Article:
Guantanamo East=Not Change
Robert Gates lets the cat out of the bag by acknowledging that up to 100 Guantanamo detainees could be held on US soil once the prison camp closes. What shocked me is that he acknowledged that these would be detainees who remain in a legal limbo, without an awaiting trial but without a release. That represents no difference from keeping Gitmo open. The problem was not the location, but the indefinite detention going on there.
Mr. Gates said discussions had started this week with the Justice Department about determining how many of the Guantánamo detainees could not be sent to other countries or tried in courts. He did not say which detainees might be in that group, but independent experts have said it probably would include terrorism suspects whom the military has not yet brought charges against, among them detainees from Yemen and the Qaeda figure Abu Zubaydah, who was subjected to brutal interrogation in secret prisons run by the Central Intelligence Agency.
“What do we do with the 50 to 100 — probably in that ballpark — who we cannot release and cannot try?” Mr. Gates said in a hearing before the Senate Appropriations Committee.
He did not say whether the detainees would be imprisoned temporarily or indefinitely or under what law they would be held. The Obama administration is debating how to establish a legal basis for incarcerating detainees deemed too dangerous to be released but not appropriate to be tried because of potential problems posed by their harsh interrogations, the evidence against them or other issues.
Eric Holder gave a slightly better answer while in Berlin, saying “We have to determine what would be our basis for holding that person that would to the world appear to be fair and that would in fact be fair... How could you ensure that due process was being served by the detention of such a person?” In addition, Holder appeared to be making headway on releasing some detainees in Europe, as countries seem willing to accept them. Similarly, Gates did defend the expected action of the United States settling the 17 Uighurs whose life has been a nightmare, cleared for release from Guantanamo but unable to return to China for fear of persecution. But the idea that we would continue indefinite detentions on anyone truly worries me. Here's Sharon Franklin of The Constitution Project:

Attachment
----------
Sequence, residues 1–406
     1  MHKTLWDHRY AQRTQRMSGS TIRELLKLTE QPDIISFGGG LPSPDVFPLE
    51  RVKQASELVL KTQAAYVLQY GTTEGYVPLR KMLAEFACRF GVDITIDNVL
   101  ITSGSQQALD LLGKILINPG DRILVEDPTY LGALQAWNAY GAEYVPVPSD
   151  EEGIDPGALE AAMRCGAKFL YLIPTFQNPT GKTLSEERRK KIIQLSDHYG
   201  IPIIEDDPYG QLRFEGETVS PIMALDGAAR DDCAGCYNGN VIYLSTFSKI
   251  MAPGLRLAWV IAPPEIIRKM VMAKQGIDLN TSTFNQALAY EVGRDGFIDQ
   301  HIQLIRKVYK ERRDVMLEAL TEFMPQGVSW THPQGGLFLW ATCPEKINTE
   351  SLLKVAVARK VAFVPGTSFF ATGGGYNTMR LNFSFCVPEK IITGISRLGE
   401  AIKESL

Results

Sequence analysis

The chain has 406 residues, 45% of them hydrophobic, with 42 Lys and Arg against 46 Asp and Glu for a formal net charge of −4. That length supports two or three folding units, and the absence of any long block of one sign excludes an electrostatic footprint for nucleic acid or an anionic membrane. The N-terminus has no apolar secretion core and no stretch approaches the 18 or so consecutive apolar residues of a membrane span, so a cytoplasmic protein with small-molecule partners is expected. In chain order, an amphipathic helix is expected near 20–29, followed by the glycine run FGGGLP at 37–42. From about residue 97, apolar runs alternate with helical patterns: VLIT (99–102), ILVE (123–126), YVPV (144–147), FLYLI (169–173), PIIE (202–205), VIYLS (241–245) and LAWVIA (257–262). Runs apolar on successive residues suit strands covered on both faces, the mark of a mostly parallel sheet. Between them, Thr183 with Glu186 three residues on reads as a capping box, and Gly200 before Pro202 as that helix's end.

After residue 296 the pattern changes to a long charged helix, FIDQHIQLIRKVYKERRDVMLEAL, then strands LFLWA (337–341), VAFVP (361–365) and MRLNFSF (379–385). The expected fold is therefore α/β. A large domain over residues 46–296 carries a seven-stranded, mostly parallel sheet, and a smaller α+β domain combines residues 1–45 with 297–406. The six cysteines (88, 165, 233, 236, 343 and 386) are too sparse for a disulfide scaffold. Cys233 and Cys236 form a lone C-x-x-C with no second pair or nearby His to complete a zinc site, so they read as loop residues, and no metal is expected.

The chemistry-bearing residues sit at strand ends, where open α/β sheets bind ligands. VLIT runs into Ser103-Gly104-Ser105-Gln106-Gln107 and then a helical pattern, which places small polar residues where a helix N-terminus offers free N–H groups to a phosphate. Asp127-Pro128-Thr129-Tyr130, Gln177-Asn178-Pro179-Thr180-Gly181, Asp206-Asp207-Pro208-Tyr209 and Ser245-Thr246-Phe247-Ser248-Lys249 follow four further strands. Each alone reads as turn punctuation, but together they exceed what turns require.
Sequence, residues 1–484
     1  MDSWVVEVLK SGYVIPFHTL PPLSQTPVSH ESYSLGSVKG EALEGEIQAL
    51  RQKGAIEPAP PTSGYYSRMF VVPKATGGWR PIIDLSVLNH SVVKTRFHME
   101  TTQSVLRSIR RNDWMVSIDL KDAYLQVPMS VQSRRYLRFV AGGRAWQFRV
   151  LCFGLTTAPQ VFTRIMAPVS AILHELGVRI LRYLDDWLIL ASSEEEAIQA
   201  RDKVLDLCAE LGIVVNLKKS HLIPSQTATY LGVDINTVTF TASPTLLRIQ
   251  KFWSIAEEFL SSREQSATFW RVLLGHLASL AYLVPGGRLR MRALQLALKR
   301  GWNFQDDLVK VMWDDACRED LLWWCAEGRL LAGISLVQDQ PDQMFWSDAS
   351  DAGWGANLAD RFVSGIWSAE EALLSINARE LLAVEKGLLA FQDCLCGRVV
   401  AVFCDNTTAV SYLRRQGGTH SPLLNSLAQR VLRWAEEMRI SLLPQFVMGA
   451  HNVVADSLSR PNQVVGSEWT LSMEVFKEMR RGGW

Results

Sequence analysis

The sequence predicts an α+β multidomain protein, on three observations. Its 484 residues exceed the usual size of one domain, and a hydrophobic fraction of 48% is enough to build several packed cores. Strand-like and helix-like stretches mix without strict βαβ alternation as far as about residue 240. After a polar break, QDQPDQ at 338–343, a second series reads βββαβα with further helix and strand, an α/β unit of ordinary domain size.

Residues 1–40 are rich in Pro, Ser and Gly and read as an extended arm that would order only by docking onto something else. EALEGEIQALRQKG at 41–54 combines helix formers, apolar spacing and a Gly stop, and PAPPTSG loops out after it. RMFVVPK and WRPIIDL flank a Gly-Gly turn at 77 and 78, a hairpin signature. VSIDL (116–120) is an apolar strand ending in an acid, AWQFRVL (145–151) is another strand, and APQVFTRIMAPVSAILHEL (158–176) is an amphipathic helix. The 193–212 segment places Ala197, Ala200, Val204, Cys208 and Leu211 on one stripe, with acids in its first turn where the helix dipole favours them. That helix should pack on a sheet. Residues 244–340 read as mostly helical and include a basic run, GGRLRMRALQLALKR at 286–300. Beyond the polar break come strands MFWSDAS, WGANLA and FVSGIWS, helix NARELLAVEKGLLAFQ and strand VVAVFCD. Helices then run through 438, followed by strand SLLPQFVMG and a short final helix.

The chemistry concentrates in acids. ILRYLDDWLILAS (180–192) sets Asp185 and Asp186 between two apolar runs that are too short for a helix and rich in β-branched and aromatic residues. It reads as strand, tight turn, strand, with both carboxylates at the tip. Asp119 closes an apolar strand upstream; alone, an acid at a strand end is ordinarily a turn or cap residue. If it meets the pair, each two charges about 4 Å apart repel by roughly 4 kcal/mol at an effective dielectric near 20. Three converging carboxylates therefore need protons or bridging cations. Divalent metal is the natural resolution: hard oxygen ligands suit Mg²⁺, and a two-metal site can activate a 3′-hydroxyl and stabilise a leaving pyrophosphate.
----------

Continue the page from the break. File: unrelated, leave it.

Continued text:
"If the United States were to simply move the detainees onto U.S. soil and continue to detain them without charge or legal process, then the act of closing Guantanamo would have been meaningless," said Sharon Bradford Franklin, a lawyer for the Constitution Project, an advocacy group.
As for the Congressional NIMBYs who don't want to see detainees imprisoned in their districts, they might want to appropriate more money for their prisons, then, if they find them so insecure. Ali al-Marri, a legal resident who was held without charges at a Navy brig for five years before being charged through the criminal justice system, just pleaded guilty to conspiring with Al Qaeda operatives, and will spend 15 years in prison at a minimum. Should Illinois lawmakers be wary of his entry into jail? Should they want to offshore him? How about a carjacker? How far does this go? Saying that dangerous terrorists shouldn't be allowed in the jails equals saying that jails in America aren't secure. Is that the message they want to send?